Five Steps to Build Capacity of Overseas Field Offices

One of the fundamental goals for nonprofits engaged in international development is to build local capacity in the recipient country.  Most often, however, international development organizations only look at building capacity within the programmatic areas in which the organization is engaged.  For example, an organization concentrating on education may find itself only focused on building the capacity of local schools, school administrations, and/or Ministries of Education.  However, one overlooked component that international development organizations should also focus their efforts is on building the capacity of their own overseas field offices, especially the offices’ administrative and financial functions.

This concept may seem strange since organizations typically do not receive separate funding for this purpose; however, it should be an inherent feature of an organization’s in-country operations – with funding to accomplish this goal coming from either the in-country programs’ indirect costs (overhead) or imbedded within each in-country project budget.  The reason why an organization would want to build the local capacity of its in-country operations is to not only ensure that the in-country financial and administrative operations are efficient and effective, but, as an organization whose sole purpose is to foster development and growth in lesser-developed countries, it is also to make sure that their local financial and administrative staff are adequately trained and possess the transferable skills that will assist them when working in future, locally-owned businesses and nonprofits once the organization closes-out its in-country programs and foreign assistance leaves the country permanently.  In other words, the local financial and administrative staff of the nonprofit today will be the office workers of local companies, government agencies, or local nonprofits in the future.  In addition, through the experience they gain working at an international development organization, these employees will undoubtedly become the trainers of their country’s financial and administrative staff of tomorrow as well.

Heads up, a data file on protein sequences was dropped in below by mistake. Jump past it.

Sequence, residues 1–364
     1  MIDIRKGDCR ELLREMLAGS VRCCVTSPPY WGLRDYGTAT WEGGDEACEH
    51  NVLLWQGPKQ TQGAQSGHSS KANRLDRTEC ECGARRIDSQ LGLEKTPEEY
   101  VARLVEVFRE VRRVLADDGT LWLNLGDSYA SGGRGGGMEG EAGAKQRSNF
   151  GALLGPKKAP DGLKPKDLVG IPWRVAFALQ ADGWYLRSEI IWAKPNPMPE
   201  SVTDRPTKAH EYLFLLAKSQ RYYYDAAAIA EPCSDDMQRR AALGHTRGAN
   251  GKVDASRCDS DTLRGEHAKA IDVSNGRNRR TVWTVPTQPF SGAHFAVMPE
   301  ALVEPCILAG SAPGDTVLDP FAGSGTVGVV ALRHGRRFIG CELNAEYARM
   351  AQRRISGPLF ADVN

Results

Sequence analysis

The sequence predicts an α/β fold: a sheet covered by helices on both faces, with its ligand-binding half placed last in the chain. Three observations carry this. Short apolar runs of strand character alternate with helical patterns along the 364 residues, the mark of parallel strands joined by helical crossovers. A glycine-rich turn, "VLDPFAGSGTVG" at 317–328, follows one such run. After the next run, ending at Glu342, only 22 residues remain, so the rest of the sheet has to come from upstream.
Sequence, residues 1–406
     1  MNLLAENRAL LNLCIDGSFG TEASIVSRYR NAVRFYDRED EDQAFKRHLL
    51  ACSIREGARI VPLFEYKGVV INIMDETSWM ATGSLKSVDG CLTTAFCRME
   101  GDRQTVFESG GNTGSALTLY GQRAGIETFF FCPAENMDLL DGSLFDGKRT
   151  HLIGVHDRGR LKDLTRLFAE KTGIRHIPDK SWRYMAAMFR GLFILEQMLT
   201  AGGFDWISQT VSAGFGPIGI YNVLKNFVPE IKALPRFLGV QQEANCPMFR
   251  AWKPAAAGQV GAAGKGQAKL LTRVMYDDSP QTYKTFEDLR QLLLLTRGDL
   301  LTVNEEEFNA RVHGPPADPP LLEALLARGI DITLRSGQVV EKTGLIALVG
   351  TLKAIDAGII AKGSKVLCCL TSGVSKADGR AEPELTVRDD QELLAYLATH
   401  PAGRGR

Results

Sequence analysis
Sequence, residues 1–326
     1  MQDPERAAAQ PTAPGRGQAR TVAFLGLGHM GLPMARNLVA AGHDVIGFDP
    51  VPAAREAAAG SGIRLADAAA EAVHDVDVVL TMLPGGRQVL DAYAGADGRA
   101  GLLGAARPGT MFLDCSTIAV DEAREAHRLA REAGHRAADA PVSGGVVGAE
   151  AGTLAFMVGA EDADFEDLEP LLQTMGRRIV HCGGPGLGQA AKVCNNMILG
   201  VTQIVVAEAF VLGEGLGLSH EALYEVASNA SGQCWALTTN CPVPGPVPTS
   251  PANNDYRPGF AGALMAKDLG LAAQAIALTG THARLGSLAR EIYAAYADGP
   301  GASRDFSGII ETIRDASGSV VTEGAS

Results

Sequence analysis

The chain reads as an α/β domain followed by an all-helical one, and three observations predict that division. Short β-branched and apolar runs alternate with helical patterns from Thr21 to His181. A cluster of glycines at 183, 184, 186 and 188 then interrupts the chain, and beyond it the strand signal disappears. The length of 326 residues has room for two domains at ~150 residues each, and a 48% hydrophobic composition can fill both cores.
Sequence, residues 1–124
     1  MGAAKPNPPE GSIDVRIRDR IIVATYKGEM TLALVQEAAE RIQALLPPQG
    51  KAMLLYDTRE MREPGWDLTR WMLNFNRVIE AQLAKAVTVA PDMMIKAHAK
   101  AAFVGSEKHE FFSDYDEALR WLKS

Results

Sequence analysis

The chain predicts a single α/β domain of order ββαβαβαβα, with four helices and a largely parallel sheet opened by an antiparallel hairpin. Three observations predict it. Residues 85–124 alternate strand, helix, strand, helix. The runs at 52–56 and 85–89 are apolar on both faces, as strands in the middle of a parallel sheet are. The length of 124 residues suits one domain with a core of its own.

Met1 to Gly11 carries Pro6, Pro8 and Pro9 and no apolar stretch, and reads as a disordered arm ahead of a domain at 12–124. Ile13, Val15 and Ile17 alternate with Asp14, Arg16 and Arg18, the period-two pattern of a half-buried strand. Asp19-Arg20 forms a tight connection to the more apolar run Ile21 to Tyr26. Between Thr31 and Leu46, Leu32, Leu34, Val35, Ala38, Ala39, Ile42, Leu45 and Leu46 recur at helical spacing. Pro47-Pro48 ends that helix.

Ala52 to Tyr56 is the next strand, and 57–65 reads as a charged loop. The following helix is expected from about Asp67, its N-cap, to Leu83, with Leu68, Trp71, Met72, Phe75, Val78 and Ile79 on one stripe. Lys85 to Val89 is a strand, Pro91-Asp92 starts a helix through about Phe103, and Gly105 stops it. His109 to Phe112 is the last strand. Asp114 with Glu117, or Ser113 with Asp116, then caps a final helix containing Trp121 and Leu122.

The good news is that building the capacity of in-country financial and administrative staff does not need to be a burden.  It’s a great way to foster closer relations between headquarters and local staff, and adds a layer of responsibility for headquarters financial and administrative staff who will assist in this training allowing them to feel like a part of the organization’s development process.  It also allows financial and administrative staff the opportunity to travel to the host countries and see the organization’s programs in action – a vital component for the organization to obtain programmatic by-in, build program-finance relations, and increase staff morale.

Below are five easy steps in which an international development organization can build the local capacity of its in-country financial and administrative operations: